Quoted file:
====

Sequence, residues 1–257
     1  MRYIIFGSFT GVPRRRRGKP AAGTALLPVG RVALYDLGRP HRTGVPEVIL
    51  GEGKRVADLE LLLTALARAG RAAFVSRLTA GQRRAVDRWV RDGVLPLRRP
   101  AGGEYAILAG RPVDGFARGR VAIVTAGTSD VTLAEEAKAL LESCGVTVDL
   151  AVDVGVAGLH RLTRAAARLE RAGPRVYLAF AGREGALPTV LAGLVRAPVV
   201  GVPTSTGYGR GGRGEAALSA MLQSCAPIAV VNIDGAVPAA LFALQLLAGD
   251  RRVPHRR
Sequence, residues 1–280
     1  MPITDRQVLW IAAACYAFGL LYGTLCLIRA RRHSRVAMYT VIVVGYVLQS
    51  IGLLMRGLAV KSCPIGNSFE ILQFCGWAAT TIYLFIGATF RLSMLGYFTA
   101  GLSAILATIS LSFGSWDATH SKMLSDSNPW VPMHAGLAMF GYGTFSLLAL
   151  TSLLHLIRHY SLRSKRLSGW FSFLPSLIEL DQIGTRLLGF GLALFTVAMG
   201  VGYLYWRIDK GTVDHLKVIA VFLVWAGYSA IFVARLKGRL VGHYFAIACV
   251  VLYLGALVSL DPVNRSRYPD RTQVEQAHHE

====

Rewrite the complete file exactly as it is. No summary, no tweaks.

Sequence, residues 1–257
     1  MRYIIFGSFT GVPRRRRGKP AAGTALLPVG RVALYDLGRP HRTGVPEVIL
    51  GEGKRVADLE LLLTALARAG RAAFVSRLTA GQRRAVDRWV RDGVLPLRRP
   101  AGGEYAILAG RPVDGFARGR VAIVTAGTSD VTLAEEAKAL LESCGVTVDL
   151  AVDVGVAGLH RLTRAAARLE RAGPRVYLAF AGREGALPTV LAGLVRAPVV
   201  GVPTSTGYGR GGRGEAALSA MLQSCAPIAV VNIDGAVPAA LFALQLLAGD
   251  RRVPHRR
Sequence, residues 1–280
     1  MPITDRQVLW IAAACYAFGL LYGTLCLIRA RRHSRVAMYT VIVVGYVLQS
    51  IGLLMRGLAV KSCPIGNSFE ILQFCGWAAT TIYLFIGATF RLSMLGYFTA
   101  GLSAILATIS LSFGSWDATH SKMLSDSNPW VPMHAGLAMF GYGTFSLLAL
   151  TSLLHLIRHY SLRSKRLSGW FSFLPSLIEL DQIGTRLLGF GLALFTVAMG
   201  VGYLYWRIDK GTVDHLKVIA VFLVWAGYSA IFVARLKGRL VGHYFAIACV
   251  VLYLGALVSL DPVNRSRYPD RTQVEQAHHE